I found myself using a lazy val to memoize the result of a computation. The computation, however, depended on external state. What I really wanted to do was (lazily) cache the computation and later invalidate it on external state changes. I also wanted to use it as seamlessly as I would use a lazy val. Enter LazyCache:

It can be used as follows:

In the previous post we saw how easily specialization fails when used naively.

To utilize this powerful feature effectively, you really gotta know what’s going on.

A Google Groups post by Erik Osheim should be required reading for attempting specialization in Scala 2.9.2. It goes over the implementation and its shortcomings, and makes suggestions for future improvements.

The post is here, but I will cut-and-paste it below. Then, if you feel like digging even deeper, go read Iulian Dragos’s thesis.

Even armed with all this knowledge, however, you may still fail at your specialization attempts. It behooves you to read all the outstanding issues and tags.

Hi everyone,

I. Background

I’ve been looking closely at specialization bugs recently, trying to
figure out how to make the feature less buggy, and more able to handle
real-world situations that users might throw at it. (As a library
author trying to use specialization I feel like I have a reasonably
good idea of some important use cases.)

This has involved reading Iulian’s thesis, working on fixing bugs, and
discussing it with others. I don’t claim to understand every detail of
the specialize phase implementation, but I feel like I have a pretty
good handle on how specialization does (or doesn’t) work, the current
state of it, and some of the (seemingly) intractable problems with it.

I’m writing this because recently I’ve been kicking around a different
class specialization design in my head, and I just want to get it out
into the wider world so that other people can either show me why it’s
naive and wrong, or to pave the way to a formal SIP around improving
specialization (or just a go-ahead signal from martin &co).

First, I will try to discuss some of the (seemingly intractable)
problems with specialization. In addition to these, there are lots of
other bugs we’re currently facing, but with work I think a lot of these
can be fixed. I want to focus on the problems I see with the overall

II. Example of Specialization

Consider this code:

Specializing Foo does a lot of things. Here’s a rough outline of how
class specialization plays out in this case:

1. It decides which of Foo’s methods should be specialized on A, Foo’s
type parameter. In this case it will choose bar and baz.

2. For each of those methods, and for each primitive type we want to
specialize on (just Int in this case) it creates a “specialized
variant”, e.g. Foo.bar$mcI$sp, which replaces A with Int. This
method will call into the original method (e.g. forwarding to bar),
boxing and unboxing to satisfy its own interface. This is sometimes
called a “specialized overload”.

3. For each type we want to specialize on, a specialized subclass of
Foo is created. In this case, just Foo$mcI$spa is created,
corresponding to Foo[Int].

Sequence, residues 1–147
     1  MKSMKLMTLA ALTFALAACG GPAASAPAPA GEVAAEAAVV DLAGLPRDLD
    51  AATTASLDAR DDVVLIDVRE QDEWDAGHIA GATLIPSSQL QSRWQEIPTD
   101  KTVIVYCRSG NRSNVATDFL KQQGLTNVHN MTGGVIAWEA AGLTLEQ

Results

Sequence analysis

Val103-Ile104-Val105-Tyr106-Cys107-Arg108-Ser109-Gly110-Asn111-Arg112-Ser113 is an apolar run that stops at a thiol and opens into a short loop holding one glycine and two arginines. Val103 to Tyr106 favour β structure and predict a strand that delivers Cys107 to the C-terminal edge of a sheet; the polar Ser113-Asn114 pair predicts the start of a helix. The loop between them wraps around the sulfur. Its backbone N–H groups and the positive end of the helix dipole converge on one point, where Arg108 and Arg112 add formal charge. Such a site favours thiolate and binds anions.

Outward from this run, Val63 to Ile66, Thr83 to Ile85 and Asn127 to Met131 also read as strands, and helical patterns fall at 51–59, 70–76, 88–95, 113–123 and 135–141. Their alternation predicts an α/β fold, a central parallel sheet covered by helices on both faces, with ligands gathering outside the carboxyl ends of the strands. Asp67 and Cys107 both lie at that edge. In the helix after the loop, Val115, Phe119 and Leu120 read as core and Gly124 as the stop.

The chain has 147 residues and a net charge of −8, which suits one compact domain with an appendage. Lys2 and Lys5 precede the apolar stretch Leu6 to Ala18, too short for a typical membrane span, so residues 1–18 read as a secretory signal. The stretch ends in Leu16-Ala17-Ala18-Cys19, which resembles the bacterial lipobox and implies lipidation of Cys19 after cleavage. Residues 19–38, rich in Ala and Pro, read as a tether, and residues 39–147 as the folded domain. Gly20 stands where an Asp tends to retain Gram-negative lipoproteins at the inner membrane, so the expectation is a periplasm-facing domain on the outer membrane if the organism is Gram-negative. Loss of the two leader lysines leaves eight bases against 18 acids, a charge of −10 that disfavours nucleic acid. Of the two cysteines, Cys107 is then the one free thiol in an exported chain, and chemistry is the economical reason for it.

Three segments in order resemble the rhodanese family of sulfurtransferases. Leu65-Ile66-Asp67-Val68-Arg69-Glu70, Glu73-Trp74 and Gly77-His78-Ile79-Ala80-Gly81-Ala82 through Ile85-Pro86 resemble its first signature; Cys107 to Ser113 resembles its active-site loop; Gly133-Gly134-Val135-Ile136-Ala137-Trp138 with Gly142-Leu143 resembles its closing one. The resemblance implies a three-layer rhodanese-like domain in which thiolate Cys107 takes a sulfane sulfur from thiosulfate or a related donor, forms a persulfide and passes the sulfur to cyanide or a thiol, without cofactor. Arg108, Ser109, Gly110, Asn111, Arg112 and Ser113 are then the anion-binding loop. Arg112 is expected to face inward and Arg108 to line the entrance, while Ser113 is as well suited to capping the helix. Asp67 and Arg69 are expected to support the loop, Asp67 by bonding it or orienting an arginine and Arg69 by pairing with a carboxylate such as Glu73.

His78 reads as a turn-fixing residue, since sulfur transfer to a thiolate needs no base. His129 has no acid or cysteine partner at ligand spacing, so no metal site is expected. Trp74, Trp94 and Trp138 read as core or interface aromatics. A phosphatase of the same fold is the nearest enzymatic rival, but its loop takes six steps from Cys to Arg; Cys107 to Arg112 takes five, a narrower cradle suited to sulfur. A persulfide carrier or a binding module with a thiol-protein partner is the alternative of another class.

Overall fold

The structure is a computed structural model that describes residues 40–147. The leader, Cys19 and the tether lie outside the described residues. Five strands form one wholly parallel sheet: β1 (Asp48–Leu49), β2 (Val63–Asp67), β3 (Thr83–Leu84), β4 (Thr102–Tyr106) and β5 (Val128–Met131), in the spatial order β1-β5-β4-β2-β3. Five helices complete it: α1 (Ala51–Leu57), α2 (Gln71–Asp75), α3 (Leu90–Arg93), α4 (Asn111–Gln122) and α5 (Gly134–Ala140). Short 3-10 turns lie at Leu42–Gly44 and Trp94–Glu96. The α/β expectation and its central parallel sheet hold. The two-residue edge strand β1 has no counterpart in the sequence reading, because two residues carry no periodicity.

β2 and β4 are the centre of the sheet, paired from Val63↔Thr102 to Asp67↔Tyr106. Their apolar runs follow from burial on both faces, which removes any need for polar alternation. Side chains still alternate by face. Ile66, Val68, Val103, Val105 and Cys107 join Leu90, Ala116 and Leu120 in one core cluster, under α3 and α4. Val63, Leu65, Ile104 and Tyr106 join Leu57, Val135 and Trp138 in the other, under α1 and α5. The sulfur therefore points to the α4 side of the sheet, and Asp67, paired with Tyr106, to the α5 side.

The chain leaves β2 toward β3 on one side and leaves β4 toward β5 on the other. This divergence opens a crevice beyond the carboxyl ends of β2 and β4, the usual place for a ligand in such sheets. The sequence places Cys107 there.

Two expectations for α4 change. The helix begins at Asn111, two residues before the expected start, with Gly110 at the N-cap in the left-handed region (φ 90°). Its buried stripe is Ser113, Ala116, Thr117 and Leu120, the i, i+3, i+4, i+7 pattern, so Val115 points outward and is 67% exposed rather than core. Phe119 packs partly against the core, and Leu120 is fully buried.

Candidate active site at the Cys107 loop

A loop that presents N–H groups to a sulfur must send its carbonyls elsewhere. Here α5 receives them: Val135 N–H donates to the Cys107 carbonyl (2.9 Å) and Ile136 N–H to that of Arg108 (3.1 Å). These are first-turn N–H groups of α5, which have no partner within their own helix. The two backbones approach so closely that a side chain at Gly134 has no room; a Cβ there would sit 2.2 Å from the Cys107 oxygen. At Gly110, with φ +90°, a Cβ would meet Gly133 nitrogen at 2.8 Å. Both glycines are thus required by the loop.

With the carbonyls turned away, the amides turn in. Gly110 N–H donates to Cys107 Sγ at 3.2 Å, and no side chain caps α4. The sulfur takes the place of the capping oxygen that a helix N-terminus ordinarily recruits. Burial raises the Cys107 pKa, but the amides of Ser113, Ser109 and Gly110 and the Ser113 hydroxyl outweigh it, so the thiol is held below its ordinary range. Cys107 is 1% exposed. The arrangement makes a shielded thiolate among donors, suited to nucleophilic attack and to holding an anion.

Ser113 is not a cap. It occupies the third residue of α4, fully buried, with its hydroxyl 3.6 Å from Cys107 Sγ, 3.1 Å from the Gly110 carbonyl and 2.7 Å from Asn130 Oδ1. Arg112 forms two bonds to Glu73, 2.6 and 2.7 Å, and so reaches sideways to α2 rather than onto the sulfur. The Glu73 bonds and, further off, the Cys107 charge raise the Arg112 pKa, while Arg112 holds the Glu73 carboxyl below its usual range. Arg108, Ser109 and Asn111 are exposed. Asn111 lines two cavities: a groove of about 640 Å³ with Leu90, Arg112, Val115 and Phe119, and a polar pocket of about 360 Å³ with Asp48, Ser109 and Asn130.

4. For each of the fields in Foo (e.g. a and b) Foo$mcI$sp is given
specialized versions of them (e.g. a$mcI$sp and b$mcI$sp).

5. All of the “specialized methods” in Foo from step #1 (both the
original method and the corresponding specialized variant) are
overridden in Foo$mcI$sp.

6. The specialized subclass’ override of the specialized variant (i.e.
Foo$mcI$sp.bar$mcI$sp) is implemented by copying the tree of the
original method (i.e. Foo.bar) and then rewritten by replacing all
fields/methods/classes with specialized versions where appropriate.
So, in bar’s implementation, “new Foo” is rewritten to be
“new Foo$mcI$sp”.

7. The subclass’ override of the original method (Foo$mcI$sp.bar)
is forwarded to the specialized variant (Foo$mcI$sp.bar$mcI$sp)
doing boxing/unboxing as required by its interface.

The result (in summarized form) is:

III. Analysis of Existing Strategy

This strategy is designed to allow generic and specialized code to be
intermixed: since all the specialized subclasses extend Foo, code that
treats a specialized class/instance as generic will continue working
(because the specialized instances supports the same interface as the
generic version). This strategy also reduces the amount of bytecode
duplicated, since only overrides some of Foo’s methods, rather than all
of them.

In practice, the fact that users provide one class (Foo) which
effectively becomes an inheritance hierarchy (i.e. Foo$mcI$sp extending
Foo) is a huge headache. It prevents specialized classes from
effectively using private (since specialized subclasses would not be
able to forward to or override a private member of Foo). Modifiers like
final and @inline often don’t work correctly for Foo: even though the
user has no intention of extending Foo, the specialization machinery
needs to be able to do just that.

There are problems with double-initializing final vals (once in
Foo$mcI$sp’s constructor as null, and again when it calls into Foo’s
constructor). There’s the fact that the specialized subclasses often
have twice as many fields as the original class. There’s the fact that
extending a specialized class doesn’t work correctly, meaning that
rather than a (mostly transparent) optimizing annotation,
specialization is a mandate to remove abstract classes in favor of

In my opinion, almost all of the major issues in specialization stem
from the fact that specialized subclasses end up having one class’ guts
smeared between two classes in a way that is hard for the end user to